The Black Angels release third studio album Phosphene Dream on 14 September, on Blue Horizon. The band supports the release with a European and US tour.
Album opener Bad Vibrations.
Conditions for use: Purchase The Black Angels’ latest long player, carefully press play on your musical system. You will then have a few seconds to bring the curtains down on dilated pupils, make the short, mental trip to the doors of the black lodge and wait…here it comes…one, two, three, four!
Phosphene Dream shudders into life with the mesmerising Bad Vibrations. From here on in there is no natural light, just synaptic phosphenes sliding and darting under lidded eyes, as the smiling dwarf and Bob beckon from beyond . You’re in their hands now, as they guide you through the vortex walkways to the charred enchanting heart of The Black Angels.
Formed in Austin, Texas in 2004, the band quickly established a reputation for delivering seismic psychedelic hits. This wasn’t the legal high of a farfisa riff, an illusionary line or litho-cut single covers; this was real.
It’s easy to wake to Sunday Morning, develop a high-contrast negative image of Nico and cut your new, shiny moniker from the beginning of The Velvet Underground’s The Black Angel’s Death Song. But The Black Angels had the musical chops and lithe pose to back it up. They were soon touring with The Warlocks, The Brian Jonestown Massacre and Roky Erikson, briefly performing as his backing band. First two albums, Passover and Directions to See a Ghost, warped minds and drew comparisons with the 13th Floor Elevators, acid-soaked Fillmore jams and The Velvet Underground.
But it turned out that these were the warm-up acts. White noise experiments and deep-space sonic explorations are difficult journeys. And accomplished as they were, these two releases are merely incomplete charts compared to the astral-flashback-mapping on Phosphene Dream.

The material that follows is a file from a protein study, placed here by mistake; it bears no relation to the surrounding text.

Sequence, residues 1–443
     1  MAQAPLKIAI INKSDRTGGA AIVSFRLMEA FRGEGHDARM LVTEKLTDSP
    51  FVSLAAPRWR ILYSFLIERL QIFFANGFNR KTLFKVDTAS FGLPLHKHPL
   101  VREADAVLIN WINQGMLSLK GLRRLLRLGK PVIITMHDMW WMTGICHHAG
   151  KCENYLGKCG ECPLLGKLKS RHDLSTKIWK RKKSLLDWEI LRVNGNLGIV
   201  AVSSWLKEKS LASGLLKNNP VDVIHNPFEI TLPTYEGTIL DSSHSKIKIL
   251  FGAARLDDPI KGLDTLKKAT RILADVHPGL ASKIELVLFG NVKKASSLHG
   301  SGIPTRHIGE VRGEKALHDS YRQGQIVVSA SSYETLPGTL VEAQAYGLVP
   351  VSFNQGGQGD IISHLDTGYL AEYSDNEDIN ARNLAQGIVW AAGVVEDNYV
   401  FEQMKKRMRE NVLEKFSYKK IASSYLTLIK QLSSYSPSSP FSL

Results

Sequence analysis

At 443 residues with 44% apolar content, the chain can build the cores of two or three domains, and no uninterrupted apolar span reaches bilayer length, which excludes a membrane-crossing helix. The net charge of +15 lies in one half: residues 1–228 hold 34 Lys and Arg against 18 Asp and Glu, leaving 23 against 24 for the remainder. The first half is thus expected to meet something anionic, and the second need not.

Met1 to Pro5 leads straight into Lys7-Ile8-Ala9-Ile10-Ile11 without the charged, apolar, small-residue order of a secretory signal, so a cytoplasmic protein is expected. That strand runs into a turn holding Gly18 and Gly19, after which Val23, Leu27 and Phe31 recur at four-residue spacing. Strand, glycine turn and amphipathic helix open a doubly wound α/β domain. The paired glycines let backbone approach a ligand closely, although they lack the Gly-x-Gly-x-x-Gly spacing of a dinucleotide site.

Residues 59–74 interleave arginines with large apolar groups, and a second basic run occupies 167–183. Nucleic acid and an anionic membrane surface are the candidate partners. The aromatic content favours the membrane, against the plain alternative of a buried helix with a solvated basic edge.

The scorched shadow of the piper at the gates of dawn stretches throughout the album’s many hypnotic, mind-melting moments. From the reverb-wrapped, guitar treble of Barrett and syncopated off-key organ stabs to soaring, dissonant harmonies, The Black Angels beautifully capture the lost-boy mischief and saucer-like eyes of early Pink Floyd.
The distinctive and unsettling jug sound that drove classic 13th Floor Elevator tracks, such as You’re Gonna Miss Me, is used to minimal and compelling effect. And on True Believers the band take a Jefferson Airplane ride to the haunting brilliance of White Rabbit.
Signposts to the psychedelic masters of the mid-to-late 60s are plentiful. But Phosphene Dream is far from an empty pastiche. The Black Angels, in the hands of producer Dave Sardy, have managed to capture the sonic mind map that propelled the forefathers that clearly populate their musical space dreams. The album switches from distorted explosions, yelps and twisted six-strong howls to wonderfully sparse pastures against a backdrop of rumbling menace.
Many have tried to explore this period in time but few succeed. However, like Spaceman 3, The Warlocks and The Horrors (to name some of the few), The Black Angels manage to evoke the excitement of listening to the 60s pioneers for the first time without inducing sickly, nostalgic rashes. And allied to their more abstract sonic explorations, the band also displays fantastic, scuzzy pop sensibilities. Listen to Telephone and Haunting at 1300 McKinley; neither of which would be out of place on the original Nuggets album.
But why carry on reading my words. Phosphenes are generated from the light within. Close your eyes, press play and conjure your own dreams.
The Black Angel’s European and UK tour kicks off on 24 September. Find out if they’re playing at a venue near you.
Listen to Telephone.